If it's the result of the state taking cases to trial in which the prosecutors know they can't meet their burden of proof, I would agree with Judge Hughes. But I'm troubled if she's referring to cases in which a citizen accused exercises his right to trial by jury and loses. I would like for Judge Hughes to explain how it's a waste of time and money for one to exercise a right guaranteed by the Constitution. Men and women have died in this country and around the world for that right -- a day or two out of someone's schedule is hardly equivalent.

What does Judge Hughes consider big problems?

Big problems for whom? Merriam-Webster defines problem as "a source of perplexity, distress or vexation." 

Every criminal defense attorney who's practiced in Harris County knows that the court coordinators in the misdemeanor courts constantly push for cases to be plead out or set for trial and some judges go out of their way to discourage citizens from exercising their right to trial by jury. And what about the citizen accused? Now he's got to pay a trial fee and see his case dragged out for months before it's resolved.

I take Judge Hughes statement to mean that she isn't troubled by the notion of forcing one citizen accused of a crime in each court to spend more time and money to resolve a case that he or she has already decided to resolve short of trial.  After all, it's not her life, or the lives of the prosecutors in her court, being affected.


zealous said...

Had a suppression hearing with Judge Hughes today regarding a blood draw. At the beginning she says what's going on with these blood draws. The reporter says are you ready to go on the record? She says lets stay off for now and proceeds to ask the prosecutor what the results of the two blood draws were. I then asked how that is relevant to whether they should be suppressed and asked if that was bootstrapping. She was not pleased. At the end of the hearing in which I got the officer on record making many statements damaging his case if we went to trial (I was accused of conducting discovery in the hearing when I was challenging him on areas he had open the door to); she denied the motion asked my client to be seated in the gallery and told me that I was over my head and needed to discuss a plea with the DA. We turned it down and approached to schedule trial and she offered my client $200 fine no probation and time served when she had actually spent no time in jail as she was never actually taken into custody in the case. My client accepted the offer in spite of the surcharge down side. Prosecution had already discussed a motion to continue with out me being present as trial was scheduled to follow the suppression hearing (do you think I could have approached ex parte regarding a motion to continue?). If I was not "over my head" do you think I would have gotten this plea. It is always best to push as far as your client will go and help them go as far as they can.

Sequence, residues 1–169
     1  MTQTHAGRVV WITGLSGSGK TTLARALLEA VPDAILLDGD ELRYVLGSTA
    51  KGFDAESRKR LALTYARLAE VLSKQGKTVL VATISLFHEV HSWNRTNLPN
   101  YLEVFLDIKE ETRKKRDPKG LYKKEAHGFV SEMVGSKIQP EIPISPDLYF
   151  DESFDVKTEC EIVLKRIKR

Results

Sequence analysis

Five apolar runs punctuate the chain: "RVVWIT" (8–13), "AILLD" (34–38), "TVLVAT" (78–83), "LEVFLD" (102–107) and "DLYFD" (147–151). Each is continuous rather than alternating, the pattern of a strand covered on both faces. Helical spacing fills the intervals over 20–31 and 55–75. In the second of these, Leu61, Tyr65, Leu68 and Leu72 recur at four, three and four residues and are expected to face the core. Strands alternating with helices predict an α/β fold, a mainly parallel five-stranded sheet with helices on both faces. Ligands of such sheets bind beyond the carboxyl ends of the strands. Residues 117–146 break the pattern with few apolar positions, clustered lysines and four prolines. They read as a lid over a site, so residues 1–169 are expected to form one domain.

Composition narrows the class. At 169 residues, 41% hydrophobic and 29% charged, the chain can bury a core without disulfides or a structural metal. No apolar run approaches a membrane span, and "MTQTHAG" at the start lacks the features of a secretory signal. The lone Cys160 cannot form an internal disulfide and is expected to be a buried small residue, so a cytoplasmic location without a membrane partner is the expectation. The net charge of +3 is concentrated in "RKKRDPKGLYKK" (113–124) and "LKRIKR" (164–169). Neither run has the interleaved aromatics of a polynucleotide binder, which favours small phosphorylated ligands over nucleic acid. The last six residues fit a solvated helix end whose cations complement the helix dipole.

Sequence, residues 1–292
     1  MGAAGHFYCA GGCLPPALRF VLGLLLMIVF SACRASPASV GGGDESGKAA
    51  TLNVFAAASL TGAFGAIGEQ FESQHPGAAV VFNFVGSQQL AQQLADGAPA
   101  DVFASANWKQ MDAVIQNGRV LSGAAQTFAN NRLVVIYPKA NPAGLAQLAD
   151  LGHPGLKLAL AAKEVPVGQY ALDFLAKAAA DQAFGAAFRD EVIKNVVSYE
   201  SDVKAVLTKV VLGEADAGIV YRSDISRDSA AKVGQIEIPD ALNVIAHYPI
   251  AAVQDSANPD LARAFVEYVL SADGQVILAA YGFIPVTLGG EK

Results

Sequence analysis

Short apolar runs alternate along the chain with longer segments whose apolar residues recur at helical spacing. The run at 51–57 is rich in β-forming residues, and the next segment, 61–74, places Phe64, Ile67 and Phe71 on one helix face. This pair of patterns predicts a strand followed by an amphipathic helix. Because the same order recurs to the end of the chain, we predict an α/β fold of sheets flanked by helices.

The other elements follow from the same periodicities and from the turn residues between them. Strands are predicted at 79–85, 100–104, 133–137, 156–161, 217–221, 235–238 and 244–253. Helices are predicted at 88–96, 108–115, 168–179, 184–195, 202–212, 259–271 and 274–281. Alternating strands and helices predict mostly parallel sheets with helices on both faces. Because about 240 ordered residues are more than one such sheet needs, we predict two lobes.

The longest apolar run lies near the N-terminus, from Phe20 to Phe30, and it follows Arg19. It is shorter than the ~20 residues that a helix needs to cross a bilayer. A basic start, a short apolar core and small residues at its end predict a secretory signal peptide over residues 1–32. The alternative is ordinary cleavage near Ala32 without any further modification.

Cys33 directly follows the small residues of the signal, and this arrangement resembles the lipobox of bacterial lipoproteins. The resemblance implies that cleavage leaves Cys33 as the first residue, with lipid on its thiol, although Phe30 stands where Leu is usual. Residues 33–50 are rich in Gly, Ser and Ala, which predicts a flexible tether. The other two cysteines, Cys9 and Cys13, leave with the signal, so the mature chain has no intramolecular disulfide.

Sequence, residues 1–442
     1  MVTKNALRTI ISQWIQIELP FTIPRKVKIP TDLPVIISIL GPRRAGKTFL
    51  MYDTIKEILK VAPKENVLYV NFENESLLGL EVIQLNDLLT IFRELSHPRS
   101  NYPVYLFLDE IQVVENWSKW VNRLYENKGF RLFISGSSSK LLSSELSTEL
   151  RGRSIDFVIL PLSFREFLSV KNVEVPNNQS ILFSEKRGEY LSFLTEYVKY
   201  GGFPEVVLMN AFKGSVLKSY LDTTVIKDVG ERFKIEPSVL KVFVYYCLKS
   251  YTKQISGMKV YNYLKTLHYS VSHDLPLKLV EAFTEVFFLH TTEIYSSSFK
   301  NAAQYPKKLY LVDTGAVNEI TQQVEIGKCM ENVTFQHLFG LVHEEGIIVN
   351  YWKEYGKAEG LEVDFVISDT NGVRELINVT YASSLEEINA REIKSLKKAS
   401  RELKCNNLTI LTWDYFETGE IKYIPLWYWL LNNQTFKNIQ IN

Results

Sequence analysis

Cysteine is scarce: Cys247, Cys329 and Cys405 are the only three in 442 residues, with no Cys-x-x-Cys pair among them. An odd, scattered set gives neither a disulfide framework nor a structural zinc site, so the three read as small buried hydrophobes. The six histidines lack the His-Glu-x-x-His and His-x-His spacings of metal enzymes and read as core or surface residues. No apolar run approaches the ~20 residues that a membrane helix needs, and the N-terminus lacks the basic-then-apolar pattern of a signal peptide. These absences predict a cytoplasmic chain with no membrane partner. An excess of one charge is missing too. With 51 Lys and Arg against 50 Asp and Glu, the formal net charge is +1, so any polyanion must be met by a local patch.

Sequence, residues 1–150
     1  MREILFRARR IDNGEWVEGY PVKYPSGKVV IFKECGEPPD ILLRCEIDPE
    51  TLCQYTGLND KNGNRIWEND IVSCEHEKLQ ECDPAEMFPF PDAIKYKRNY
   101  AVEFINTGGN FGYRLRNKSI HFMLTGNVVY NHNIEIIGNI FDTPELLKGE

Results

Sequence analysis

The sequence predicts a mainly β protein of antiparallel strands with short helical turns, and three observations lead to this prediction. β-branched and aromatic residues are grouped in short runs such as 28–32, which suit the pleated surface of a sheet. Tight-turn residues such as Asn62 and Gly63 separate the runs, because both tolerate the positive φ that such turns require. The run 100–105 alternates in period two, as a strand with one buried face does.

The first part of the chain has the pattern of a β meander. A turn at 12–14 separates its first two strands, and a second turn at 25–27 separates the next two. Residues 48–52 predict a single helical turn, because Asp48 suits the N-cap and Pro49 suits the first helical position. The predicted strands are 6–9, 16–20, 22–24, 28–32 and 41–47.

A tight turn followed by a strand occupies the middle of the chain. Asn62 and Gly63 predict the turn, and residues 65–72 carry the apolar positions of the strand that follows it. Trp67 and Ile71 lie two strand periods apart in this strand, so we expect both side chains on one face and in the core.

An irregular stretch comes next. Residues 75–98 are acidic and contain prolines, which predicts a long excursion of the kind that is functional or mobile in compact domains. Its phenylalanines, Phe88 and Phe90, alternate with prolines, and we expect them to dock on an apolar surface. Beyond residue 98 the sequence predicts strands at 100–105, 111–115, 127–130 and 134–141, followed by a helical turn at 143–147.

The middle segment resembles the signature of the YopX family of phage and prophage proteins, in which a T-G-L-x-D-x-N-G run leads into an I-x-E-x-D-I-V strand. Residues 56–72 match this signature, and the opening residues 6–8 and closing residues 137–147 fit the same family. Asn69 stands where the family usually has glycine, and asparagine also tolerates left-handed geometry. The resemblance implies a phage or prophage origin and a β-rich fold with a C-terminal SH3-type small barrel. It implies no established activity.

Paul B. Kennedy said...

Thank you for your comment.

As to your question, I can't count the number of times I've heard a prosecutor say to a judge "That's the case we spoke about..."

I'm with you on pushing the state as far and as hard as you can. You never know what might shake out.